Single malt Scotch whisky is one of the biggest stars in Scotland’s firmament of distilled beverages, each one unique to the region in which it’s distilled. Recently CRAIGELLACHIE showcased in Chicago the newest addition to the line of expressions from its Speyside distillery. [craig-el’la-key, or here’s a fun video explaining how to pronounce CRAIGELLACHIE.]
The CRAIGELLACHIE 13 Years Old Armagnac Cask Finish expression – given special complexity by its marriage with the Armagnac cask – is being released as part of the brand’s Cask Collection. First matured in ex-Bourbon and ex-Sherry casks, it is then rested in Bas-Armagnac casks for just over a year, which is longer than the typical few months. This new expression, a beautiful clear golden liquid, starts with smoky, toasted marshmallow, baked apples and cinnamon on the nose, then heads towards a slightly floral, pineapple-y finish. Try it straight. Then with an eye-dropper of water. Excellent in cocktails.
And, boy, do the CRAIGELLACHIE Scotch whisky expressions go great with barbeque! The brand ambassador Paul O’Callaghan (in an utterly charming Irish accent) offered them up in special whisky-tasting glasses as perfect accompaniments to the irresistibly rich and spicy barbeque creations of the chefs at Chicago q, 1160 N. Dearborn St. Creations like melt-in-your-mouth Cheddar-Bacon Hush Puppies (the bacon smoked in house), Smoked Corn & Black Bean Salad, along with generous slabs of brisket, pulled pork and ribs served with Honey Butter Cornbread, Buttermilk Mashed Potatoes, and house-made Mac ‘n’ Cheese. So worth the calories…
Others in the brand’s core portfolio include CRAIGELLACHIE 13 Years Old, 17 Years Old and 23 Years Old. These whiskies are known in some quarters as “the bad boys of Scotch whisky.” Kinda makes you feel like you’re sneaking into a Scottish speakeasy, right?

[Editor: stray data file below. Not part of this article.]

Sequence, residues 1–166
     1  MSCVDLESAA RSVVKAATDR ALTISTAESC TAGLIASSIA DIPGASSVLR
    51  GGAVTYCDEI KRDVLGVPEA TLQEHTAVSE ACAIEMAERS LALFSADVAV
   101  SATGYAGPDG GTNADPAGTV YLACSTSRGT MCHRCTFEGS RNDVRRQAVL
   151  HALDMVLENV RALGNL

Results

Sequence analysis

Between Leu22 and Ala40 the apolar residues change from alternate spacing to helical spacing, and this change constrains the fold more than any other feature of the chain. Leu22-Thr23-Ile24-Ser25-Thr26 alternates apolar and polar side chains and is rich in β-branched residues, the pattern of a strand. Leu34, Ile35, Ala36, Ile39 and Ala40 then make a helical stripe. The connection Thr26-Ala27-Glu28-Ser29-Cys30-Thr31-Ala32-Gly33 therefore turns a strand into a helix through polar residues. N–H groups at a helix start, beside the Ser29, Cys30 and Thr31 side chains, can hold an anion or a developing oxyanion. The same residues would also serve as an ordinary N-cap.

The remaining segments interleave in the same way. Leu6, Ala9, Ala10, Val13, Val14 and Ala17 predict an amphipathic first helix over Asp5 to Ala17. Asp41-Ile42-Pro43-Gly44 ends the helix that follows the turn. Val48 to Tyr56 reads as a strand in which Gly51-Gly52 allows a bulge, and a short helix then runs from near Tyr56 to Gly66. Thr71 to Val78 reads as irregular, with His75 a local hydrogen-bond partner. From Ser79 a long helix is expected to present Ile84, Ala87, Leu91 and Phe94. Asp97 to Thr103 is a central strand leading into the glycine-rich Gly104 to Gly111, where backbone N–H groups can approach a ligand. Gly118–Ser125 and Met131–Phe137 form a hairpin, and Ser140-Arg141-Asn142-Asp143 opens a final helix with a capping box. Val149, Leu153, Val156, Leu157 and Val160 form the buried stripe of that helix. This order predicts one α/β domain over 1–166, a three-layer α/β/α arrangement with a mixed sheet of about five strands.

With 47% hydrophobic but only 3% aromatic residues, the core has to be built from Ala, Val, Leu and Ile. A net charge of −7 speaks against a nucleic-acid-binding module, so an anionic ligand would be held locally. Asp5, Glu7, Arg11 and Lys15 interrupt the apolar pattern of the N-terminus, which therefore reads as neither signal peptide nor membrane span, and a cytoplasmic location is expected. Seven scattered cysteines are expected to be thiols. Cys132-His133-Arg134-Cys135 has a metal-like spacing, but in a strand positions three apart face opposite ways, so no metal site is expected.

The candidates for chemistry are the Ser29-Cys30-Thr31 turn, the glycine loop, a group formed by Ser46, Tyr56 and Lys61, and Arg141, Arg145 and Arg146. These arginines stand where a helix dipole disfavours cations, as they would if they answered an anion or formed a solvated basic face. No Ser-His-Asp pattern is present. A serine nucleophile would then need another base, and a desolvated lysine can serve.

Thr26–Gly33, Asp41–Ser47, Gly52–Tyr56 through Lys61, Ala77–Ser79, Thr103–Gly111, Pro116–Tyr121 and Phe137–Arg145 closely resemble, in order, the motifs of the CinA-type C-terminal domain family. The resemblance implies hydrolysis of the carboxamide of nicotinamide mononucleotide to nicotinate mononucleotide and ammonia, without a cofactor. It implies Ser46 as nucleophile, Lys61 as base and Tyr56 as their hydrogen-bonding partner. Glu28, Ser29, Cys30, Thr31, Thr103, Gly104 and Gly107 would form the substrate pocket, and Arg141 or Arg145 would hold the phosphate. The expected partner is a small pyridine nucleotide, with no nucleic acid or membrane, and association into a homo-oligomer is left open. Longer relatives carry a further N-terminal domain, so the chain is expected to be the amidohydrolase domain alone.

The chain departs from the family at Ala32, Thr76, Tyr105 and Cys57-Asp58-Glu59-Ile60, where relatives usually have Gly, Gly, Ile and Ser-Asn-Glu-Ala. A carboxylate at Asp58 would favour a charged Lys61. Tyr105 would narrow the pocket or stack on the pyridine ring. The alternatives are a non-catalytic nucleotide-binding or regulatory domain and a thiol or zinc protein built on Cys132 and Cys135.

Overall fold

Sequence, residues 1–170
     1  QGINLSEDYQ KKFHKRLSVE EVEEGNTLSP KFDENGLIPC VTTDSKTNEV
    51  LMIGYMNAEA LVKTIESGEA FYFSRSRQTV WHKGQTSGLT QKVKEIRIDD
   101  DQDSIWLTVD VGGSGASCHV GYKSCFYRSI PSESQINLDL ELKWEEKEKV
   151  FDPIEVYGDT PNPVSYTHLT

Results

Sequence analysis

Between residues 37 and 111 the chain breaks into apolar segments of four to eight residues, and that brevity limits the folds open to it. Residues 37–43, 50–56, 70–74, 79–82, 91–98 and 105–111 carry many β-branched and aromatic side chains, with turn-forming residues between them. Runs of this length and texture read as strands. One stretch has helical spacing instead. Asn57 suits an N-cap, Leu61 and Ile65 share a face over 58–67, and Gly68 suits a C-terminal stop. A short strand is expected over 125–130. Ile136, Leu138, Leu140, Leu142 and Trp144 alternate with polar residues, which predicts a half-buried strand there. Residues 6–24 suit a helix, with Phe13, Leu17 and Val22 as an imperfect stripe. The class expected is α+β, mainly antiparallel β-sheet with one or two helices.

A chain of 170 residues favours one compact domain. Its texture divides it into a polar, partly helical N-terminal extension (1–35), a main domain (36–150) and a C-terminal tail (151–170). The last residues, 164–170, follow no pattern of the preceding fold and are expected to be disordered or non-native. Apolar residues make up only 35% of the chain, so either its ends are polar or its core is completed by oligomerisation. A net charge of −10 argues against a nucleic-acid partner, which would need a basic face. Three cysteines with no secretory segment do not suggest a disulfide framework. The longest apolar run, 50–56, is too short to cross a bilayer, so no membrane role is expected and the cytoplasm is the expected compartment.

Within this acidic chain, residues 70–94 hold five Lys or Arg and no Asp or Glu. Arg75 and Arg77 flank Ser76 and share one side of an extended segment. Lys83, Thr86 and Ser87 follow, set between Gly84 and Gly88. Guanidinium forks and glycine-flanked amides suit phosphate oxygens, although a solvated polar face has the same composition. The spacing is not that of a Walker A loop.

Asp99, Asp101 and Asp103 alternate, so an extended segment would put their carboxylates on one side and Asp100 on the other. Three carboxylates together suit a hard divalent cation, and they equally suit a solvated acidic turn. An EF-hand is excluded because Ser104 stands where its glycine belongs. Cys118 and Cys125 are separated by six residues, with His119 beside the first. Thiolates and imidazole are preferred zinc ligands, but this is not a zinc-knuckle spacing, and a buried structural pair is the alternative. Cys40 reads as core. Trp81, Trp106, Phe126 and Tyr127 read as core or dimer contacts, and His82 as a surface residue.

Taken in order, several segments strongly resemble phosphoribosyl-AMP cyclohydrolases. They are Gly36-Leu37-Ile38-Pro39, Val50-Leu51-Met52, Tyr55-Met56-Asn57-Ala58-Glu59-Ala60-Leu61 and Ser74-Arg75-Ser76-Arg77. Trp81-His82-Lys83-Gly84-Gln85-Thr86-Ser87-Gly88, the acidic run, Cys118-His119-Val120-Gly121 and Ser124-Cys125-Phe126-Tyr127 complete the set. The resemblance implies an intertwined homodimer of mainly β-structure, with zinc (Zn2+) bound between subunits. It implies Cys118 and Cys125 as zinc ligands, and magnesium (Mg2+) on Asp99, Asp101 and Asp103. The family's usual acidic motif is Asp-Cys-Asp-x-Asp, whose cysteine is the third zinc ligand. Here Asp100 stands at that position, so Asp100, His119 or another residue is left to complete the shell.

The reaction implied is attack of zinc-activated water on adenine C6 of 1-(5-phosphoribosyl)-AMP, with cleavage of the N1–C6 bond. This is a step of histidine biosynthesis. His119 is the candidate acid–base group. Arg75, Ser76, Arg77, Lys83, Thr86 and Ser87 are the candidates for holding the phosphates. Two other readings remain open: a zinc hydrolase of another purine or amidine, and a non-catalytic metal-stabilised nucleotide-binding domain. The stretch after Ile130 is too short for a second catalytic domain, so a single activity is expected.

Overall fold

More about CRAIGELLACHIE Single Malt Scotch Whisky
Described as “old-fashioned” even in 1891 when production began, CRAIGELLACHIE stays true to the traditions of founders Peter Mackie and Alexander Edward. Worm tubs (see * note below) are used to cool the spirit, bestowing extra flavor and creating a distinctive muscular character to rival whisky twice its age.
So if you like a little muscle on your Scotch, go taste some of these expressions. Pick your favorite and take home a bottle for your next barbeque – or just to sip by the fireside. ‘Tis the season, after all.
* What is a worm tub?
A “Worm” is the old English term for serpent, the original name for the coiled copper tube used to turn spirit vapor back into liquid.
Only a handful of distilleries still use this old-fashioned method to condense their spirits. They are much more expensive to maintain than the more modern and efficient ‘shell and tube’ approach, but their long tubes provide less copper contact and thus bestow extra flavor with a distinctive, muscular (sulphuric) character.